If you are a homeowner considering outdoor lighting, then you have probably heard about solar landscape lighting. In addition to being environmentally friendly, solar lighting is an alternative cost-efficient means of lighting up your outdoor space. Setting up these types of maintenance-free lights is virtually quick and painless, not requiring any wiring or professional expertise to install. These lights primarily use LED bulbs which contributes to low energy consumption and longer bulb lifespan.
Solar lights are akin to mini- satellites, generating and storing their own power during the day and releasing it at night. The only prerequisite for effective functioning of solar lights is that they be placed in areas where sunlight is abundantly available. Alternately, the solar panel or controller board which charges the lights can be placed in an area where it will receive sunlight throughout the day, irrespective of the season. These lights need sunlight for 12-14 hours every day to remain effective.
A solar yard light uses standard solar cells in a very straightforward application.
The solar cells are wired directly to the battery through a light emitting diode which prevents the battery’s current from flowing back through the solar cell during the night. The battery charges during the daytime, and will meet its maximum charge before dusk. A photovoltaic cell then changes the sun’s light into electricity. Although environmental factors affect the performance of solar lights they will work outdoors throughout most of the year.
Many solar lights are self-sustaining, or “stand-alone” systems. These convert sunlight into electricity during the day, store the electricity in batteries, and draw from the batteries to power light fixtures after dusk.
Self-contained solar lights often have panels built right into the light fixtures. Solar lighting systems with panels separate from fixture assemblies, however, allow for only the panels to be placed in the sun, not the lights themselves.
Common residential applications for solar lights include patio, garden and pathway lighting. Residential solar lights are often self-contained components that attach to stakes or posts that are plunged directly into the ground. Commercial applications can include parking lot lighting, sidewalks, campground fixtures and other secluded locations. Below are some outdoor solar light application types, all of which can be found on the Louie Lighting website:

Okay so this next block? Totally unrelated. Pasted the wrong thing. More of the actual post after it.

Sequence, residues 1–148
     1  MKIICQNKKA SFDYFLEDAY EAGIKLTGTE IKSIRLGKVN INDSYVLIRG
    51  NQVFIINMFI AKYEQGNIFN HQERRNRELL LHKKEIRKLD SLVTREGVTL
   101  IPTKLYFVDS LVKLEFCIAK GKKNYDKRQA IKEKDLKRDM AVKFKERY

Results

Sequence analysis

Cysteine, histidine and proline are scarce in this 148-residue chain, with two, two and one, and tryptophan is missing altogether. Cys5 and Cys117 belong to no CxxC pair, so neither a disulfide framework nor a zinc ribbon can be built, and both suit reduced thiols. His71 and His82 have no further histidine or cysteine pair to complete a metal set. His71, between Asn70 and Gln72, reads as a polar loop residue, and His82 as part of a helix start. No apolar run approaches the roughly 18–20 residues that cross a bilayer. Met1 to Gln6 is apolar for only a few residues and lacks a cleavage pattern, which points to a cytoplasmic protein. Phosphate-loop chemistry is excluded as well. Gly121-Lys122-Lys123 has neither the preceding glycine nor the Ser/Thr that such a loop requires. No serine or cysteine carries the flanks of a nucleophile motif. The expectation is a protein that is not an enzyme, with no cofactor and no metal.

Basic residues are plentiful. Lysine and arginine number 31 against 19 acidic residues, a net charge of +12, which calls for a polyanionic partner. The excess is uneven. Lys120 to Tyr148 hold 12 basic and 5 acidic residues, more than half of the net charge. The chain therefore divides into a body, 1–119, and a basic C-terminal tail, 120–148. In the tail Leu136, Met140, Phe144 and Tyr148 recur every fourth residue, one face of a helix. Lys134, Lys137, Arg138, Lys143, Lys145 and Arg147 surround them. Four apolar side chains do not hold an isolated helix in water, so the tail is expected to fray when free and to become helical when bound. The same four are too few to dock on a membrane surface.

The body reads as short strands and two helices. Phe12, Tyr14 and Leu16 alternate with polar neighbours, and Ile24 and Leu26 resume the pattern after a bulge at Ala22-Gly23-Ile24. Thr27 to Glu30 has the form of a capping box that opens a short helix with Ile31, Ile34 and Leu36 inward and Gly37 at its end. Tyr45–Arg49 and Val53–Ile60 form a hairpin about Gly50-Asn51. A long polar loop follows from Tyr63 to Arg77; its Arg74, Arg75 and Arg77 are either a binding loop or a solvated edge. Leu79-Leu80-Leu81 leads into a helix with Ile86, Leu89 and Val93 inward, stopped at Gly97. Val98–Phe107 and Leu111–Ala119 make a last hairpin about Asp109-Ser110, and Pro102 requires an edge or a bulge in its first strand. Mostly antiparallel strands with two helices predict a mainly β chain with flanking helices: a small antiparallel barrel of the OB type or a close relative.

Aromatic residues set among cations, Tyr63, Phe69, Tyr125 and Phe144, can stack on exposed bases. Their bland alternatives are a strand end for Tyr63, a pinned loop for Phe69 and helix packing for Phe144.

- Solar Spot Accent Lights: These are placed lower to the ground, and focus upwards. They are used to high-light trees, shrubs, statuary and other features in the landscape. These types of lights include in-ground lights which are placed to mark pathways and driveways on the property.
- Solar Pathway Lights: These include step and brick lights and lower level solar lights that focus downwards to avoid glare. They are used to light up steps and obstacles on the ground and are helpful in avoiding mishaps.
- Solar Deck and Patio Lights: These are used to light up the area around decks and patios. They are used to create an ambience for outdoor use, parties and get-togethers.
- Solar Hanging Lights or Solar Pendant Lights: These are hung from ceilings or walls and provide illumination to patios, decks and other areas.
- Solar Lamp Post lights are placed along walkways, fences, railings or balconies to provide ambient lighting at night, and are positioned on top of lamp-posts.
- Solar Security Lights: are large-area flood lights and small but distinct warning lights. While flood lights are usually connected to motion sensors so that they turn on when they detect movement, warning lights are designed to operate continuously with a blinking light for 15-20 nights at a stretch.
- Solar Mood Decorative Lights: These are mostly hanging or upright standing lights. They either contain bulbs or lenses of varied colors, or ornamental accessories such as a provision to place shrubs and plants upon. As the name suggests, they are used for decorative purposes.
Hints and Tips
When installing solar lighting, apart from abundant sunlight, care should also be taken to see that the lights are not placed in the path of lawn-mowers or vehicles (unless they are specially designed in-ground lights meant for driveways). Before driving the stake into the ground for installation, dampen the soil to make it more malleable.
Further, purchase a larger number of lights for the same amount of illumination in comparison with other lights that run on electricity. Solar lighting still maintains a low-cost appeal due to their long life span and lack of operational expenses.